Fort McCoy ArtiFACT — Masonic coin
A Masonic coin found at an archaeological dig at Fort McCoy, Wis., in 1991 is shown April 8, 2022. Archaeology work has been ongoing at Fort McCoy for decades and tens of thousands of artifacts are saved. (Contributed photo) (Photo Credit: Courtesy) VIEW ORIGINAL

People have long been fascinated with societies such as the Freemasons. Movies such as “National Treasure” and TV shows like “The Curse of Oak Island” capitalize on this interest in Freemasonry and lure individuals in with tales of buried treasure and the secret society of the Freemasons.

The Freemasons are one of the oldest fraternal (men-only) organizations in the world. During the Middle Ages they were a guild of skilled builders.

Today, they are a social and philanthropic organization. The Free and Accepted Masons are an oath-bound society devoted to fellowship, moral discipline, and mutual assistance. They conceal some of their rituals, customs, or activities from the public, but overall are not as secretive as they are made out to be on TV.

Fort McCoy archaeologists recovered a “chapter” or “mark” coin in 1991, which is one of three categories for Masonic coins. A “chapter” or “mark” masonic coin (or penny) signified a pivotal part of a Mason’s initiation.

A second type of Masonic coin is the “initiation token,” which shows when a Brother was initiated, passed, and raised into the Brotherhood.

The third type is a token which celebrates a particular mason, lodge, or event.

The Masonic chapter “penny” symbolizes the “mark” of participation received by a member of the Free and Accepted Masons and is used as a system of identification for members. It is also used as a reminder to Masons of the fundamental ideals of Freemasonry. A new brother would be presented their penny at initiation, and it represented their acceptance and participation in the Masonic brotherhood. Today, they use membership cards along with passwords and signs to prove Masonic affiliation. Coins are still in use, but typically reserved for lodge events.

The pennies were custom-made for each lodge. The coin is referred to as a penny because it is usually the size of a U.S. penny. The pennies were struck from copper, bronze, or silver.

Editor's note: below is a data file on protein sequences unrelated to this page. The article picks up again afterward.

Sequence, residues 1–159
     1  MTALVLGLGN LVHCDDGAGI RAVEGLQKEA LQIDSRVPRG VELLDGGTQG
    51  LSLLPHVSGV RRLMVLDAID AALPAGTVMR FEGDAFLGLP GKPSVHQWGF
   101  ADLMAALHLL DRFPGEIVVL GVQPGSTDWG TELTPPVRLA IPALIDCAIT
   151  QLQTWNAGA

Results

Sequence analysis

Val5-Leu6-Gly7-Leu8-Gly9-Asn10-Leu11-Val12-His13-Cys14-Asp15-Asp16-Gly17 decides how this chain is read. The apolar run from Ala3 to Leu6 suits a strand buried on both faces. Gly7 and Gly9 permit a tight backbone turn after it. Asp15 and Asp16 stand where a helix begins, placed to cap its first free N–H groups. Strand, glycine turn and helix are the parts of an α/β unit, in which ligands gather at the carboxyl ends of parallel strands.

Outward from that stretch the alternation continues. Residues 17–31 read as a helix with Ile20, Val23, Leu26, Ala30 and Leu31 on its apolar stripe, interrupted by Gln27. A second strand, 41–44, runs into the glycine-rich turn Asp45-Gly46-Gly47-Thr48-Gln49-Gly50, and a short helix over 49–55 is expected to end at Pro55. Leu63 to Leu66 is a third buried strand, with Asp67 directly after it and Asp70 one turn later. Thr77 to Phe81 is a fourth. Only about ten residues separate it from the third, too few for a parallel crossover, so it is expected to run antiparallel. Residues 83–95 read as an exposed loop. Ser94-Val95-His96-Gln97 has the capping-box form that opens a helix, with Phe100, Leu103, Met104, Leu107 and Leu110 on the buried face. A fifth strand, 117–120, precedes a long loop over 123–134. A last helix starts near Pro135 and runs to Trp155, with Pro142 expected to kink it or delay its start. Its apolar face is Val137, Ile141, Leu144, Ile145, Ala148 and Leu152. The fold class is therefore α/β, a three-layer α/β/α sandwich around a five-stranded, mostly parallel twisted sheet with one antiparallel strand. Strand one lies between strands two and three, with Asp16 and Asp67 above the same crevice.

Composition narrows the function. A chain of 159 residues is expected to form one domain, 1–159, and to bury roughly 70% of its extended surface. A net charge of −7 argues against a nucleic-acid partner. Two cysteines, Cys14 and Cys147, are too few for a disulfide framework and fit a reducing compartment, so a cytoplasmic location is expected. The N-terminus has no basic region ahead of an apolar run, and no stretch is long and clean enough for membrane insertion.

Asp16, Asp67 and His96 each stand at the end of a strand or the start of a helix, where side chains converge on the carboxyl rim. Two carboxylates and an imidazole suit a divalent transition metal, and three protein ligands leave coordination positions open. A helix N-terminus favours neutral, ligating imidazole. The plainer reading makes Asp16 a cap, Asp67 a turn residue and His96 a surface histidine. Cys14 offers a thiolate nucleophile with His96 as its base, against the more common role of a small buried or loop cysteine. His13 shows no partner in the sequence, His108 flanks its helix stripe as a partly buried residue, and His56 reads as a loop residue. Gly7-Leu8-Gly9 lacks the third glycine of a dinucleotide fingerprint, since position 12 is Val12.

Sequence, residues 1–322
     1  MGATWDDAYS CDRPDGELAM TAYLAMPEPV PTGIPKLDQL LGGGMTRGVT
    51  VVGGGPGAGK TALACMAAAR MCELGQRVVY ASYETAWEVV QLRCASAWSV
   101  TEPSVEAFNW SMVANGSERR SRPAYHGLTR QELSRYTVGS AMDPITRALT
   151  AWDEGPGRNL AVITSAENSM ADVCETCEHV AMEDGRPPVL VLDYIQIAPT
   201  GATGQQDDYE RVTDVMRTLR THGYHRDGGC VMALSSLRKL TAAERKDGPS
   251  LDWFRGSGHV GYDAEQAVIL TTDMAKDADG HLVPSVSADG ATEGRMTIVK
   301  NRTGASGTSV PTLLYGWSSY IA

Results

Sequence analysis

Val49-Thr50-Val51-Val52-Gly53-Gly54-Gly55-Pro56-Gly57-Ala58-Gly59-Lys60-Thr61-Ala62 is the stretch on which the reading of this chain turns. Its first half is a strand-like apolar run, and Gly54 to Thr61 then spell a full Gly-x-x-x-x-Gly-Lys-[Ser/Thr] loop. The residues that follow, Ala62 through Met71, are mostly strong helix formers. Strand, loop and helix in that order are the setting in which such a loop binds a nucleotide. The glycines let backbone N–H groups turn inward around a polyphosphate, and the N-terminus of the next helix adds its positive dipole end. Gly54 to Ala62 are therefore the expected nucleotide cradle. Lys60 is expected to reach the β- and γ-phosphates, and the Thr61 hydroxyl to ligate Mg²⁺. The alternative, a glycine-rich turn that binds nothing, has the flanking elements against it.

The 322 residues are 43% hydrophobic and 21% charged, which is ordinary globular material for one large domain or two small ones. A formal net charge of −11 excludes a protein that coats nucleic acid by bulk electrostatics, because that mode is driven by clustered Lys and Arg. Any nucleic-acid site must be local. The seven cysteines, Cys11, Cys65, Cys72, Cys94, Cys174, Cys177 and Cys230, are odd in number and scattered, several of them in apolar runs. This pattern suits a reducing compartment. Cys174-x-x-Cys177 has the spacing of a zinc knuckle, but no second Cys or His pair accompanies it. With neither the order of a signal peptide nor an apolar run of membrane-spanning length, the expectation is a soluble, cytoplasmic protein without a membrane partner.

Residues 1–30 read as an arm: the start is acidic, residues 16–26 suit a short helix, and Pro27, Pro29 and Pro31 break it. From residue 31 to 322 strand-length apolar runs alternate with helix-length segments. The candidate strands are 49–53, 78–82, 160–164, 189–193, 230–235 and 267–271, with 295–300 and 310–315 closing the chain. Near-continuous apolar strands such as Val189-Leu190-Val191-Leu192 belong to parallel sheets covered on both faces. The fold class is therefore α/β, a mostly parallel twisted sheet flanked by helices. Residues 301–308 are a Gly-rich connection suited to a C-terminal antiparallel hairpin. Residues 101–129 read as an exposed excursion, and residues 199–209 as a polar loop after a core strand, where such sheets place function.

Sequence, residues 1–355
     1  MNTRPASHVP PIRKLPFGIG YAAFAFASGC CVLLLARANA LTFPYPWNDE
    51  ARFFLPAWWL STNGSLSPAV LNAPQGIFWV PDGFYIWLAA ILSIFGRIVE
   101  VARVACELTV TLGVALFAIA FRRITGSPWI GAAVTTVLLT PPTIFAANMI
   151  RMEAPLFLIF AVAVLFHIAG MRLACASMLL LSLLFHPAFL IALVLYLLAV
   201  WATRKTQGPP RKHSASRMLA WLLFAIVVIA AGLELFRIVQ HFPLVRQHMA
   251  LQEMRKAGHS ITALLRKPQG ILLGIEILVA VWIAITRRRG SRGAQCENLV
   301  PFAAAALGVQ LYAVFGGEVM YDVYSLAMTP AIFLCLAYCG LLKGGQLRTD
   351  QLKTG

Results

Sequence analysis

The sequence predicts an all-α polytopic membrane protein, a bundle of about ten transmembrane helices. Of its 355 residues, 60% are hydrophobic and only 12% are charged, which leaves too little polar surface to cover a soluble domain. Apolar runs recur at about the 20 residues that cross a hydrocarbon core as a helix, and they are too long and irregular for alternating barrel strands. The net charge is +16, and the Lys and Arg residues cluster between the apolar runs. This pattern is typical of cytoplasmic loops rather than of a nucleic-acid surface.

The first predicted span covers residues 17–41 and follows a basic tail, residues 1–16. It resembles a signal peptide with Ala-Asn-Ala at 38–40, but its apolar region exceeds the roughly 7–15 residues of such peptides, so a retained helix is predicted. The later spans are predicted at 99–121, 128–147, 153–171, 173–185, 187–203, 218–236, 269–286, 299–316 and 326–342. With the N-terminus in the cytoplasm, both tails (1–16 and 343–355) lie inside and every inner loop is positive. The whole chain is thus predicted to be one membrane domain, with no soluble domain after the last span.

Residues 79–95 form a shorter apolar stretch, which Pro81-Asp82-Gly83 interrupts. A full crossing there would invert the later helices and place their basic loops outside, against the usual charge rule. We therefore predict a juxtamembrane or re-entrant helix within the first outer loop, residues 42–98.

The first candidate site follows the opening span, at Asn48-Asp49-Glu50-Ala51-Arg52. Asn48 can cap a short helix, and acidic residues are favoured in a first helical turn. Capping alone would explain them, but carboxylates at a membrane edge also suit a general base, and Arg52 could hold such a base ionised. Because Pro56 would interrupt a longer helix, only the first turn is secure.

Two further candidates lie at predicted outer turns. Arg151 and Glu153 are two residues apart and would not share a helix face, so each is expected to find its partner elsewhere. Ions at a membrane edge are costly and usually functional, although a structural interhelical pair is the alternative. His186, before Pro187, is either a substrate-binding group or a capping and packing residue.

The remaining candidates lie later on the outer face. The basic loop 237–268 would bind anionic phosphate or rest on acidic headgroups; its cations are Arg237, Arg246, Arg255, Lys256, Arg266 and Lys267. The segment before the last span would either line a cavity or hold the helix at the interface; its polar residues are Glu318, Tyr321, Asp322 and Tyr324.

The design of the coins varied, sometimes as simple as including a keystone with the letters “HTWSSTKS” and identifying information of the local lodge, other times more artistic and with complicated designs.

The artifact from Fort McCoy is a standard example of the mark penny design. One side of the coin has a keystone with the letters “HTWSSTKS,” a chisel, and a mallet. The letters “HTWSSTKS” represent the mark of the Ancient Grand Master and stand for “Hiram, Tyrian, Widow’s Son, Sent To King Solomon” which signifies loyalty in Masonic teachings. The chisel and mallet symbolize “tools of action” and are central to the Masonic order. The chisel embodies discipline and education, while the mallet signifies authority and executive power.

These are symbols of the higher masters and are similar to the gavel used by judges.

The other side of the coin states “Sparta Chapter No. 19 R.A.M. Sparta, Wisc.,” “Chartered Feb. 3, 1860,” and “one penny.” The letters “R.A.M.” denote “Royal Arch Mason,” which is a part of the York Rite. A rite has a series of progressive degrees including the Chapter of Royal Arch Masons, Council of Royal & Select Masters, and the Commandery of Knights Templar. To follow the path of the York Rite, all masons must go through the first three degrees of Freemasonry (Entered Apprentice, Fellowcraft, and Master Mason).

The Masonic coin is similar in significance to a Challenge coin used by units in the U.S. military. Both coins are used as a symbol of membership or to mark special events, and have been rightfully earned by the member. The coins are highly cherished and not generally parted with during the coin holder’s lifetime.

The Masons organized in Sparta in 1854. The Sparta Masonic Temple was constructed in 1923. In 1987, the historic building was listed on the National Register of Historic Places and purchased by the Monroe County Historical Society. Today it houses the Monroe County Local History Room & Museum and the Deke Slayton Memorial Space & Bicycle Museum.

All archaeological work conducted at Fort McCoy was sponsored by the Directorate of Public Works, Environmental Division, Natural Resources Branch.

Visitors and employees are reminded they should not collect artifacts on Fort McCoy or other government lands and leave the digging to the professionals.

Any individual who excavates, removes, damages, or otherwise alters or defaces any historic or prehistoric site, artifact, or object of antiquity on Fort McCoy is in violation of federal law.

The discovery of any archaeological artifact should be reported to the Directorate of Public Works Environmental Division Natural Resources Branch.

(Article prepared by the Fort McCoy Directorate of Public Works Environmental Division Natural Resources Branch and the Colorado State University Center for Environmental Management of Military Lands under agreement with Fort McCoy.)